EagleTribune.com, North Andover, MA

May 23, 2013

Graduate's promise made is a promise kept

By Mike LaBella

---- — HAVERHILL — Bryan Waters made one last promise to his father that he would obtain something more than the high school diploma he’d earned decades earlier. Waters, 57, made good on his promise when he graduated from Northern Essex Community College after five years of attending classes.

Waters never told his family about his promise, keeping it a secret out of concern that for some unforeseen reason he might not be able to fulfill it.

“As his breathing slowed there was one thing I wanted to say to my father before he passed,” Waters said. “I held his hand and promised him that I would return to school and get a college degree. It didn’t matter if he heard me, but I felt that I had to try to say it. He passed away moments later and I hope he heard me.”

Waters, of Haverhill, grew up in the Tower Hill area of Lawrence. He was among the nearly 1,500 graduates receiving certificates and degrees when Northern Essex Community College held its 51st commencement exercises on Saturday, May 18.

“I think my dad would have been very happy to know that I went to college as he did,” Waters said about his father, Fred Waters Sr., an electrical engineer and amateur photorgrapher. “I am the youngest of four brothers and the only one that went to college.”

The journey that led to Water’s receiving an Associates in Arts, General Studies degree from Northern Essex began on March 10, 2005.

“I was in my apartment when I got the one call I was regretting, but knew was coming,” Waters said. “It was from my oldest brother (Fred Waters Jr.) informing me that our father’s health had taken a turn for the worst. He picked me up and we went to our father’s home in Atkinson, where he lived with our stepmother.”

Waters said his stepmother told him that his father wanted to be at his home when his time came, surrounded by family, and not in a hospital or nursing home.

“My brother Fred was in the kitchen, while my brother Gary was on his way to the airport to pick up our brother Billy,” Waters said. “I sat next to my father, who was in a hospital bed in the living room, and I was carrying on a one-way conversation with him.”

Waters said his father was 85.

“I just wanted him to know that I wanted to try to do something better with my life,” Waters said.

From that moment on, Waters never mentioned the promise he’d made to his father.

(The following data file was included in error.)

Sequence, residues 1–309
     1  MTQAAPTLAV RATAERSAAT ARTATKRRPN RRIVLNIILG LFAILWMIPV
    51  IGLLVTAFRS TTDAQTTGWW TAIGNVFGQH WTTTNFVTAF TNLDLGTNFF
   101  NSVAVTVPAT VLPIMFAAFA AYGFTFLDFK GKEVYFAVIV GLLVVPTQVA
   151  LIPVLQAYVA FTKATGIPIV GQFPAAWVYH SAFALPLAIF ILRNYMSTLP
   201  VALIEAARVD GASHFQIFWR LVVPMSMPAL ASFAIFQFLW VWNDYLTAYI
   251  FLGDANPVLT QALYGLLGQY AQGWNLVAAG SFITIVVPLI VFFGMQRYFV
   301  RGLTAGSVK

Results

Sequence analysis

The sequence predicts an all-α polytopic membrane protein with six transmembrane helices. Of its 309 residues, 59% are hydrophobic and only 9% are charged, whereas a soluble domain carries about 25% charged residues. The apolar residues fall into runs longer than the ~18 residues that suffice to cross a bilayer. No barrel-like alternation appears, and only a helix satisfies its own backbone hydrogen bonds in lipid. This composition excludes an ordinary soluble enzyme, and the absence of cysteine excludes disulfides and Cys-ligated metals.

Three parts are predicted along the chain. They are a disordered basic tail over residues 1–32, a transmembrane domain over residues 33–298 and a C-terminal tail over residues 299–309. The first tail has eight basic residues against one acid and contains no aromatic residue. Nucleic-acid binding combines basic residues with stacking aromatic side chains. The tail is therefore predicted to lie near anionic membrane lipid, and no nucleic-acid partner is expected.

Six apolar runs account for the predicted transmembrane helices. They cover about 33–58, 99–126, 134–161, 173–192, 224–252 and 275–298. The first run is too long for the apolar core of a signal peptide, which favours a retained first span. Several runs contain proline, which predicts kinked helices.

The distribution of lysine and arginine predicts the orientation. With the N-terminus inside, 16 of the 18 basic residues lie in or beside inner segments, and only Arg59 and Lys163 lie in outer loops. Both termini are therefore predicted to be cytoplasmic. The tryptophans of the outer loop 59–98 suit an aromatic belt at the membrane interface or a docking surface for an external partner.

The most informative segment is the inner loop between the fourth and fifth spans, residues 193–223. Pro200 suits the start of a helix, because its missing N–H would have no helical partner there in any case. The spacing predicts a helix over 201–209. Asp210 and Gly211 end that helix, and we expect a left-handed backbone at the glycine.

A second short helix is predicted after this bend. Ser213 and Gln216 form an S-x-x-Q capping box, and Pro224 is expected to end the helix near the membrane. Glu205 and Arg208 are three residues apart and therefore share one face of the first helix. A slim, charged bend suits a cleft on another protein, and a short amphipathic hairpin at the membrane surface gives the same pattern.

Since graduating from Lawrence High School in 1975, Waters worked at various jobs, including factory jobs, heavy labor and as a sheet metal punch press operator. But in 2002 he was unable to continue in that line of work due to his health, so he tried other jobs, including as a part-time security guard, a job he currently has.

After making a promise to his father, Waters saved up and in September of 2007 he enrolled in classes at Northern Essex.

“First I had to take basic English, writing and reading classes to prepare for college-level classes,” he said.

While working part-time as a security guard, he took two or three classes per semester and eventually entered the general studies program.

“The teachers were great,” Waters said. “Although most of my fellow students were younger than me, they were always nice to me.”

“At times when I was struggling with my studies I said to myself I had to continue and I had to finish and keep on going,” he said. “Eight years after my father’s passing, I graduated and fulfilled that one last promise.”

Waters said he never told his brothers about what he’d told his father.

“I didn’t want to tell them in case something happened and I was unable to go to school,” Waters said. “They knew I was going to school but they didn’t know the promise that was behind it.”

Waters said he gave his mother, Ruth Waters, 90, a photo of him in a cap and gown as a Mother’s Day present this year.

“I told her I was graduating and she smiled because it was a picture of me,” he said.

He finally told his brothers Fred and Gary during a luncheon celebration following his graduation.

“My brothers were proud of me,” Waters said. “I know my father would have been proud.”